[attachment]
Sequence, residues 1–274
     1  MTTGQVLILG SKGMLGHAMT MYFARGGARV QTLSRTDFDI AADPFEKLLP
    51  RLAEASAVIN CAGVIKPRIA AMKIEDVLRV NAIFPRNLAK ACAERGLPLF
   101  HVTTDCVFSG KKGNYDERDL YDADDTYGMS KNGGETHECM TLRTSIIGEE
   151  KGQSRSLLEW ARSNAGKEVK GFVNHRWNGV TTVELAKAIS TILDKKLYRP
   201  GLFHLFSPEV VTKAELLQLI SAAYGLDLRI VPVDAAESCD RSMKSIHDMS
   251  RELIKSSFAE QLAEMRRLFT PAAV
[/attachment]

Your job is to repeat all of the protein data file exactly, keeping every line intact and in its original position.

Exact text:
Sequence, residues 1–274
     1  MTTGQVLILG SKGMLGHAMT MYFARGGARV QTLSRTDFDI AADPFEKLLP
    51  RLAEASAVIN CAGVIKPRIA AMKIEDVLRV NAIFPRNLAK ACAERGLPLF
   101  HVTTDCVFSG KKGNYDERDL YDADDTYGMS KNGGETHECM TLRTSIIGEE
   151  KGQSRSLLEW ARSNAGKEVK GFVNHRWNGV TTVELAKAIS TILDKKLYRP
   201  GLFHLFSPEV VTKAELLQLI SAAYGLDLRI VPVDAAESCD RSMKSIHDMS
   251  RELIKSSFAE QLAEMRRLFT PAAV